A recent investigation into Havana Syndrome, the mysterious ailment affecting U.S. officials globally, suggests a connection to a secretive Russian intelligence unit deploying acoustic weapons.

"60 Minutes" host Scott Pelley and his production team recently explored the complex and ongoing investigation into Havana Syndrome. This perplexing condition has impacted U.S. national security officials, diplomats, and their families worldwide.

According to sources, the inquiry, now in its fifth year, has unearthed disturbing ties to a clandestine Russian intelligence operation purportedly involving the deployment of acoustic weapons.

Lt. Col. Greg Edgreen, identified as a key figure in the Pentagon's probe, suggested with considerable confidence that these incidents were orchestrated by Russia, aiming to debilitate U.S. personnel worldwide. A significant piece of evidence in the investigation was a "receipt" for acoustic weapons testing linked to a Russian intelligence outfit associated with Havana Syndrome cases.

“There was some angle where they had worked against Russia, focused on Russia, and done extremely well,” Greg explained. He also claimed that the official US bar for proving Russian involvement had been set too high because his country did not want to "face some very hard truths.”

Investigative journalist Christo Grozev played a crucial role in the investigation, leveraging his background in reporting on notable poisoning incidents to expose Unit 29155, a secretive Russian group allegedly specializing in covert operations utilizing technologies like acoustic energy weapons. Grozev's identification of a document connecting Unit 29155 to such weaponry marked a crucial advancement in the ongoing investigation.

The team also shed light on instances where affected U.S. officials experienced further assaults after returning stateside, describing encounters with strange sounds followed by a spectrum of severe symptoms ranging from memory loss to vestibular disorders.

Victims shared personal accounts of their experiences, detailing episodes of vertigo, disorientation, and nausea. For instance, Olivia Troye, a former adviser to Vice President Mike Pence, and Miles Taylor, former deputy chief of staff at the Department of Homeland Security, recounted their distressing encounters, with Taylor noting a suspicious incident involving a white van.

One victim of the syndrome, an FBI agent, told "60 Minutes" about being hit by a powerful force at her Florida home in 2021. "Bam, inside my right ear, it was like a dentist drilling on steroids. That feeling when it gets too close to your eardrum? It's like that, times 10,” it claimed.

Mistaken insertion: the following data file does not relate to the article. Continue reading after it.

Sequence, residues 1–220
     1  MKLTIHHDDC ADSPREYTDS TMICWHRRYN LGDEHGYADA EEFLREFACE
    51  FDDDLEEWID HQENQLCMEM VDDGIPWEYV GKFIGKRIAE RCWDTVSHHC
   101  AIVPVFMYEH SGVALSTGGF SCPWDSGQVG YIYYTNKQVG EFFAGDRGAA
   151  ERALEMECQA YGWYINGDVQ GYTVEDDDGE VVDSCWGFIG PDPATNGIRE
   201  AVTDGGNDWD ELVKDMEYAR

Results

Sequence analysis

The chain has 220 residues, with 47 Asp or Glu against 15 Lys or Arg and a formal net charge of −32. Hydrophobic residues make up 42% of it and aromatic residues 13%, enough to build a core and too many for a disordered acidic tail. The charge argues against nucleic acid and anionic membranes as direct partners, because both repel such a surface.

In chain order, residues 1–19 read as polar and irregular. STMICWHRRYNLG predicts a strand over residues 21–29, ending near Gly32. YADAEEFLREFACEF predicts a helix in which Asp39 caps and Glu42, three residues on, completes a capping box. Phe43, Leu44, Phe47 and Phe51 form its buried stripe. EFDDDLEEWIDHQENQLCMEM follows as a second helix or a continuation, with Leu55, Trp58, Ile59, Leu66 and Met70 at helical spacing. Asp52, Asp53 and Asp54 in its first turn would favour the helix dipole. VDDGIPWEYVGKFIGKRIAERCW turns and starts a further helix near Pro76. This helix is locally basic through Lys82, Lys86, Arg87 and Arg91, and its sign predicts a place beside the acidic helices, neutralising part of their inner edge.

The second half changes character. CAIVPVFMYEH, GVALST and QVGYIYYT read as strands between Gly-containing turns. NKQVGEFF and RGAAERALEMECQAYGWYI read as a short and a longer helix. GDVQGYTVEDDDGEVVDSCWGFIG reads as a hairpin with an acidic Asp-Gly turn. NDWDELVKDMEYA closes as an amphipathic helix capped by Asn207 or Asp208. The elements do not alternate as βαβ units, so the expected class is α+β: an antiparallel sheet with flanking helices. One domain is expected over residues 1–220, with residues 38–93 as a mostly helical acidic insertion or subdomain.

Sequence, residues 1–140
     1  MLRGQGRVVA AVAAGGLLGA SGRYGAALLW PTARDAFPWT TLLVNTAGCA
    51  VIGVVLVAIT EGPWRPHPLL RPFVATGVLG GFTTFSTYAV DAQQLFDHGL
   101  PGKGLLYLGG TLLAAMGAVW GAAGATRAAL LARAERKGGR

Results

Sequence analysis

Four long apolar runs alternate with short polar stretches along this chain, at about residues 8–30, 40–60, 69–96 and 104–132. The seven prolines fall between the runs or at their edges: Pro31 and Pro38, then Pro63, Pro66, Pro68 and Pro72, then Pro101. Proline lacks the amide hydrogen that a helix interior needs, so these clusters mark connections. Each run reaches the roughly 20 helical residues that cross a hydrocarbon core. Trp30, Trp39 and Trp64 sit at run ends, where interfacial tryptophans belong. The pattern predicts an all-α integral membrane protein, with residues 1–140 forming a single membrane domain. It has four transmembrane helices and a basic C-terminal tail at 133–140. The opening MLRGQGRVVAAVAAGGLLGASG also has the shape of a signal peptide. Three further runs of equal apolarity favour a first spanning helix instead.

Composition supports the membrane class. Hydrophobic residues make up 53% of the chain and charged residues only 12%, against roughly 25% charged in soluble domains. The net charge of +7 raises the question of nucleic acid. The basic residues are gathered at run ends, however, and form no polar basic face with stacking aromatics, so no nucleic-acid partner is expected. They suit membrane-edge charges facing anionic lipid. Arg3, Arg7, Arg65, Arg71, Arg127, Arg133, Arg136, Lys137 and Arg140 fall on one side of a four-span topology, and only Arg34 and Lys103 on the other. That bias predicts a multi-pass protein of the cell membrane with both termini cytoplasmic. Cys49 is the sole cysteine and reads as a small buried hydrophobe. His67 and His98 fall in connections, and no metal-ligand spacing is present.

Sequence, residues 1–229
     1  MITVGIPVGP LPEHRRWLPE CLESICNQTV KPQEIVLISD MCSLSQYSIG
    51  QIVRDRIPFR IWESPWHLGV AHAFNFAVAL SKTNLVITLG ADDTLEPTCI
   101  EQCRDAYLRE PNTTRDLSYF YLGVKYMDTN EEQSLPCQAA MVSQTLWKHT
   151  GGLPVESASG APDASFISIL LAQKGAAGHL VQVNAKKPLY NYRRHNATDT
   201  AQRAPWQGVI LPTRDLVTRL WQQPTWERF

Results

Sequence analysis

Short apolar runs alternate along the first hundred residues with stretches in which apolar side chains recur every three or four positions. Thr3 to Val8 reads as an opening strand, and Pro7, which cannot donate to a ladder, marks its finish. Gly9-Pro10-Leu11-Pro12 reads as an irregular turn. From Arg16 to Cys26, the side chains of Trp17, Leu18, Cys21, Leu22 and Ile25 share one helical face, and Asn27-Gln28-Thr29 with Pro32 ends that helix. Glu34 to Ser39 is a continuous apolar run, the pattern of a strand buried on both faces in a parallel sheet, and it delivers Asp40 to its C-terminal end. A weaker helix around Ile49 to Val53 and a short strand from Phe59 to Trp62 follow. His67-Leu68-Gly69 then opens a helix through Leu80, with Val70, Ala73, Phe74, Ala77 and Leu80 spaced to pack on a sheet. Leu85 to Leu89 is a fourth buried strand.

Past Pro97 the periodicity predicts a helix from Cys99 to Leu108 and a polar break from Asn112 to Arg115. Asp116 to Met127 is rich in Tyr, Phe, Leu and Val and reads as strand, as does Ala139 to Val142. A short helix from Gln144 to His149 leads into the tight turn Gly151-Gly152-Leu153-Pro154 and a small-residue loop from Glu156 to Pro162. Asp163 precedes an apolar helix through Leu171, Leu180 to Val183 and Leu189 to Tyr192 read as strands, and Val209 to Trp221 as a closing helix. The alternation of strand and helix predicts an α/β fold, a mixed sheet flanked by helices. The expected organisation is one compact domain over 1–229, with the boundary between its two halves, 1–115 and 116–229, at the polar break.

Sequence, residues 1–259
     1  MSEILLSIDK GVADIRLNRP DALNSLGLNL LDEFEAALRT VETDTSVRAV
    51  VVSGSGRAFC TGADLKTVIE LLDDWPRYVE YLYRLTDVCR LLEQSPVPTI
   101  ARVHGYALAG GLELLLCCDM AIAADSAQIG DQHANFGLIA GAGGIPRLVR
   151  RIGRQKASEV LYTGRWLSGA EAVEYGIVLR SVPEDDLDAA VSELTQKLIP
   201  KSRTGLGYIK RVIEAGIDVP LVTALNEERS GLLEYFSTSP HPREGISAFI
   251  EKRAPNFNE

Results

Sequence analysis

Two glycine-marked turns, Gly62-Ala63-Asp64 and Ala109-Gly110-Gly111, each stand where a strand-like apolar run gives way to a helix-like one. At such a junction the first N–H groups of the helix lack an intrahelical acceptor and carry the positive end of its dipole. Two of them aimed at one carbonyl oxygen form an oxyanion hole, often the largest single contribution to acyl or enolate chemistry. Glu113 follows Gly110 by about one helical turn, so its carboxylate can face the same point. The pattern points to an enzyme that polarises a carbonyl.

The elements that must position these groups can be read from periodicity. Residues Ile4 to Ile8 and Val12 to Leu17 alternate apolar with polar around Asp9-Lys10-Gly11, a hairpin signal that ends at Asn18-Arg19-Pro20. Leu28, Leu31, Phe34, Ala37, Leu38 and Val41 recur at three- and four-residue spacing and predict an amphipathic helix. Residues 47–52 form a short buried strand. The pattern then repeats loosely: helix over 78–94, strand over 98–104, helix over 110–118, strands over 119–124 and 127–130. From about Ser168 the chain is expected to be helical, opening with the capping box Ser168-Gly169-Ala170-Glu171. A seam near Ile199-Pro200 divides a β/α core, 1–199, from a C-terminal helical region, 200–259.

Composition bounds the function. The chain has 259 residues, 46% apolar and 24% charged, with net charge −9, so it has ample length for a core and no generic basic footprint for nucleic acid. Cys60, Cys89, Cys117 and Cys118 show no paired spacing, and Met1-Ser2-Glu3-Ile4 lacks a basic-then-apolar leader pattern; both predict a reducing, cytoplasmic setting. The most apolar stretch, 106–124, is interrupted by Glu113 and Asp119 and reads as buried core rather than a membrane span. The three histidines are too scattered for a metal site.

Additionally, the investigation touched upon suspected Havana Syndrome episodes in Tbilisi, Georgia, linking them to Unit 29155 and further emphasizing the global reach of these attacks, the Business Insider reported.

The probe also delved into the potential use of microwave technology as a weapon, with physicist James Benford discussing the harmful effects of portable microwave transmitters capable of penetrating walls and damaging brain tissue.

Despite the extensive findings presented by "60 Minutes," the precise perpetrators behind Havana Syndrome remain elusive. Producers Oriana Zill de Granados and Michael Rey acknowledged the challenges in definitively identifying the attackers, citing conflicting intelligence assessments and the continuing mystery surrounding the syndrome's origins.

However, Dmitry Peskov, the Kremlin's spokesman, denied there was any evidence of Russian involvement and said the report's accusations were unfounded, BBC reported. "This topic has been talked up in the press for many years already. And from the very beginning most often it's linked to the Russian side. But nobody has ever published any convincing evidence, so all this is nothing more than a groundless and unfounded accusation," he said.

In response to the report, US officials told CBS News that they would "continue to closely examine anomalous health incidents." Still, they reiterated that it was "very unlikely that a foreign adversary is responsible."

However, they stated that they did not "call into question the very real experiences and symptoms that our colleagues and their family members have reported," and that their efforts to address such incidents were a priority.